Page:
Amid the tumult of these beatings, I found myself uttering, 'Please, there are youngsters present; they've subjected me to quite a thrashing already.' My remark triggered a volley of expletives. An agent among them proposed, 'Hajji, why don't we simply finish him, amidst this woodland expanse?' The dynamics of who addressed whom were convoluted. An air of frustration loomed. 'Why waste further time? Where shall we transport him? Let's finish this right here and bury him here.’”
"When I experienced a nervous breakdown, my fellow detainees hesitated to alert the officers"
Ehsan Pirbornash discloses his anticipation of enduring "beatings" from the very moment of his arrest: "From the instant of my arrest, I encountered physical violence, enduring strikes from the Zir-Ab to Sari.
“My forehead swelled under the assault of blows, and my neck was pressed down so forcefully that it remained stiff for several days. However, I continued to brace for more blows. Comparatively speaking, I endured far less than some young individuals who suffered near-fatal beatings.”
He recounts that upon his transfer to the Sari Detention Center, physical torture ceased: "While beatings occurred during my apprehension and initial detention, they ceased during the interrogation phase. Each day brought new rounds of questioning, and I braced for further blows.
“Although none were dealt within the confines of the center, the palpable tension was so immense that it no longer necessitated physical beatings. Once, an agent questioned if I had been subjected to beatings within the detention center. I responded in the negative, elucidating that the severe treatment upon my arrest had created a psychological anticipation of beatings each time they summoned me."
One early piece of news during Pirbornash's incarceration centered on his nervous breakdown within the detention center: "On the fifth day, I experienced a nervous breakdown.
“Oddly, during this episode, I implored three fellow detainees in my cell to summon the guard as I felt unwell. However, the weight of fear upon them was so heavy that they hesitated, suggesting we wait, hopeful the situation would not deteriorate. Astonishingly, even contacting the security guard was a cause for apprehension. Among my cellmates was a 65-year-old man, who also refrained from making the call, cowed by fear.”
Pirbornash reveals that his 13-day confinement and interrogations within the IRGC detention center passed without his captors revealing the location to him: "Throughout my 13-day tenure within the IRGC's Sari Tirkala detention center, its location remained undisclosed.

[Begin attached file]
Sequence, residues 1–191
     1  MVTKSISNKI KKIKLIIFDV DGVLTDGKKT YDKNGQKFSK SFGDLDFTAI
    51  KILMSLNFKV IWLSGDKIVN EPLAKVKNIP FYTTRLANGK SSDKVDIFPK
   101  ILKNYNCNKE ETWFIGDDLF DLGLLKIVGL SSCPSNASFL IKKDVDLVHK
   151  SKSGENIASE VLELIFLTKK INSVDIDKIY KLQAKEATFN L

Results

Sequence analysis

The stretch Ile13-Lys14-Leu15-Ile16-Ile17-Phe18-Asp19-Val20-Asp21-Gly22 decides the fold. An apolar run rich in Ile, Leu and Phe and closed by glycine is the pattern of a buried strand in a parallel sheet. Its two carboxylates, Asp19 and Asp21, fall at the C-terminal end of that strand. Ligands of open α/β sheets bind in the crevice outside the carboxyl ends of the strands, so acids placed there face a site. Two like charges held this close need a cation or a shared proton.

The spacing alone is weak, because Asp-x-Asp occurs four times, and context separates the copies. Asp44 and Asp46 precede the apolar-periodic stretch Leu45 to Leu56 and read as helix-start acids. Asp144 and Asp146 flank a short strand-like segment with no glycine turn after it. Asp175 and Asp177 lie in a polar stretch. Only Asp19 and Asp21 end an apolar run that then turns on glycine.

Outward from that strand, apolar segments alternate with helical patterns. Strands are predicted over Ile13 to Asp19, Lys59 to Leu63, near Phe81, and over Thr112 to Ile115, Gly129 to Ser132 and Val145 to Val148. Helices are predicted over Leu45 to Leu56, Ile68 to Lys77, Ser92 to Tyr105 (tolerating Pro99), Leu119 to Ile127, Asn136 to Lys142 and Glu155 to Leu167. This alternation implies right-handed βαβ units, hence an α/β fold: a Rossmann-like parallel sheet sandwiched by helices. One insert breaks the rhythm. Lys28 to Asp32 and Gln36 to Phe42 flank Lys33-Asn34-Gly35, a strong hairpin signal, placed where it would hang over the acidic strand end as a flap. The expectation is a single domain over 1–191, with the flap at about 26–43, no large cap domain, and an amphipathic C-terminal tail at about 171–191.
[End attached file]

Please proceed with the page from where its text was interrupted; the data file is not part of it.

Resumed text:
“I was left pondering my whereabouts. It was fellow detainees who had already ascertained that our confinement was at the Tirkala detention center, a piece of information I learned from them. They informed me that it was the intelligence detention center of the Sari Corps."
Contacting his family via phone was restricted until the third day, and he notes that certain detainees were denied familial communication for up to 15 days: "Variability marked the conditions within the IRGC detention center. In my case, daily interrogations were conducted. However, there were instances where detainees went without interrogations for up to 15 days.
“The reason? They were instructed on the initial day to confess and document as dictated. If these directives weren't complied with, interrogations were withheld. In our scenario, circumstances diverged. My contentions were clear, leaving little room for denial, except for the Qaimshahr IRGC agent's incident, which genuinely bore no connection to me."
Coverage of the Arrest in the Media
When questioned about his concerns regarding being forgotten during his days of confinement and imprisonment, Pirbornash responded, "The fear of being forgotten never crossed my mind, even for an instant. My sole apprehension centered around the anxiety and unawareness of those outside my immediate surroundings.
“Furthermore, I picked up from their conversations that news regarding my situation had reached beyond Iran's borders, and this external coverage proved immensely beneficial. Subsequently, I noticed a change in their approach, as they [agents] encouraged me to use the phone and call outside. They learned that there was someone beyond these walls concerned for my well-being."
The initial charge often leveled against detained journalists during IRGC interrogations pertains to their alleged communication with foreign media outlets.
Ehsan Pirbornash shared, "Thankfully, my financial records were available to me within the detention center. My financial situation was so empty that they remarked said it seemed I did not even have contact with my family let alone engage with foreign media.
“Initially, the accusation centered on my supposed collaboration with opposition media platforms. However, this narrative eventually crumbled when they recognized the absence of any business affiliations. They inquired extensively about my interactions with foreign journalists. My response clarified that we shared friendships and exchanged greetings, but our engagement never extended to collaboration."
"The prison feels like a hotel compared to the IRGC detention center"
Pirbornash is not the first detainee of the 2022 protests to express that upon entering prison, a sense of safety and relief comes to their mind. He shared with IranWire, "Every detainee transitioning from the detention center to the prison feels as though they've entered a hotel.
“In the IRGC detention centers, you're confined to cramped 2 x 3 rooms with three or four others, barely able to take a couple of steps. I endured such conditions for thirteen days.